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Bergantino, Epifani, efficient ?

Discussion in 'Amps and Cabs [BG]' started by inazone, Dec 16, 2003.


  1. inazone

    inazone

    Apr 20, 2003
    Colorado
    I have berg cabs but dont understand the 2.8v/1m . SWR and others are 1w/1m . so in laymans terms where do cabs stack up as far as volume? Lets say in the 410 range and arround 800-1200 watts. Eden cabs are loud, acme cabs are quiet, where do berg, epifani, EA, swr, ebs, aguilar and others fall in line with all things being equell?
     
  2. kmacleish

    kmacleish

    Nov 19, 2003
    Atlanta, GA
    Ah, but all things are NEVER equal, are they?

    OK, starting with the basic and boring math:

    For some strange reason, Bergantino seems to rate their various cabs for efficiency using a 2.83 volt (presumably RMS, they don't say) signal. This translates to one watt into an 8 ohm cabinet, but is two watts into a 4 ohm cabinet. So what, you ask? Well, this makes the 4 ohm cabs look pretty good, because twice the input power gives them a 3 db advantage (3 db = doubling of power). Most manufacturers rate by measuring the speaker's output at a distance of 1 meter with 1 watt of input power, which rating is then independent of the speaker's impedance.

    So, IF you have the same efficiency rating method on cabinet A and cabinet B, and cabinet A gives 95 db at 1 watt/meter while cabinet B gives 101 db, then you need to be aware that cabinet B will play as loudly with a 50 watt amplifier as cabinet A will with a 200 watt amplifier (6 db better efficiency = TWO doublings).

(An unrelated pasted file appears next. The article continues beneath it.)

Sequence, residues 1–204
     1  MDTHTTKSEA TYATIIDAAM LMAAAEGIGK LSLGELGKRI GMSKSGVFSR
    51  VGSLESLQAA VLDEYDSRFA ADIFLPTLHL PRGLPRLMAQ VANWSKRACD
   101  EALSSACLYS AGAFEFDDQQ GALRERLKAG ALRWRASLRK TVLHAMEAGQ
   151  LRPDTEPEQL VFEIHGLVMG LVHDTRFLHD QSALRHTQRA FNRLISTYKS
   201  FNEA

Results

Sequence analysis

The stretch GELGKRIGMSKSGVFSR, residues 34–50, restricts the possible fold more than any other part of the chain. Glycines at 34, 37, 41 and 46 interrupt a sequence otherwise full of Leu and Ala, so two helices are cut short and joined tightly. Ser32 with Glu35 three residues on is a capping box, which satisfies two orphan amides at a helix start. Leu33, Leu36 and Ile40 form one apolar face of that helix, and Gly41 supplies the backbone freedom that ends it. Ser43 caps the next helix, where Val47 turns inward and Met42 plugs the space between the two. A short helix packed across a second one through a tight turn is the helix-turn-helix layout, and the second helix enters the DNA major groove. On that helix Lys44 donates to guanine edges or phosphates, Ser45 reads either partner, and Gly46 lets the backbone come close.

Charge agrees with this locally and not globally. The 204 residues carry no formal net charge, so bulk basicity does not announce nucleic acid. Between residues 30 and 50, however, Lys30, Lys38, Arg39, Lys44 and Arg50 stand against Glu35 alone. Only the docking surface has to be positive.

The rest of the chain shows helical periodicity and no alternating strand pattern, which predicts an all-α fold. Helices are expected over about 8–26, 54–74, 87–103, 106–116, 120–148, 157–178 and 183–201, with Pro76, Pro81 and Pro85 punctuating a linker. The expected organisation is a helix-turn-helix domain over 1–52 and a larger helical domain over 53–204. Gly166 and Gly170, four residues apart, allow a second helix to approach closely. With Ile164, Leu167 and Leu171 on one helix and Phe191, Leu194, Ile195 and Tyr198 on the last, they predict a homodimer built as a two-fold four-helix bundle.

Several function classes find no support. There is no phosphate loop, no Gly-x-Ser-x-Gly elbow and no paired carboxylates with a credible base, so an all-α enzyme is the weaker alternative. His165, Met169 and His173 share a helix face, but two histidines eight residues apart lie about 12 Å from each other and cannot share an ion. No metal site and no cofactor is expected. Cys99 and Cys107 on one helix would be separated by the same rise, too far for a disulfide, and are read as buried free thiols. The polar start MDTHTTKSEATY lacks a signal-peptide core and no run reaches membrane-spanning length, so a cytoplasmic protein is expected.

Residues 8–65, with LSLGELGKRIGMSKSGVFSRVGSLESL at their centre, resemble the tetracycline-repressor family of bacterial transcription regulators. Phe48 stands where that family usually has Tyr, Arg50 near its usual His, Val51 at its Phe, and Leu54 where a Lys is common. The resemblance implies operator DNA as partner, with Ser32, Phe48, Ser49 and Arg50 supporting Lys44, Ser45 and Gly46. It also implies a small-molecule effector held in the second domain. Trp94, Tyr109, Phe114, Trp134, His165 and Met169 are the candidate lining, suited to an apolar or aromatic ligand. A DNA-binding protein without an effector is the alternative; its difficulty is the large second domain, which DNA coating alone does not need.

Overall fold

So, if you compare, say, the Epifani T210 with the Bergantino T210, you find that the Epifani is 2 db more efficient than the Bergantino, which is interesting but probably not a determining factor in which one to buy.

    A BIG generalization is that better drivers tend to use bigger and stronger magnets and larger voice coils, which add cost but also help efficiency and (usually) sound quality.

    Did this help? If not, clarify what you want to know and I'll try again.
     
  3. 2.83V corresponds to 1W into 8Ohms. this has been used very often in the speaker industry. and given that Jim Bergantino comes more from a home and PA audio background than from instrument amplification background, this makes sense.

    i don't think it matters which system you use as long as you're aware what it means.

    as for whether that 2.83V is RMS, is the 1W that SWR rates their cabs at RMS? it should be for both.

    robb.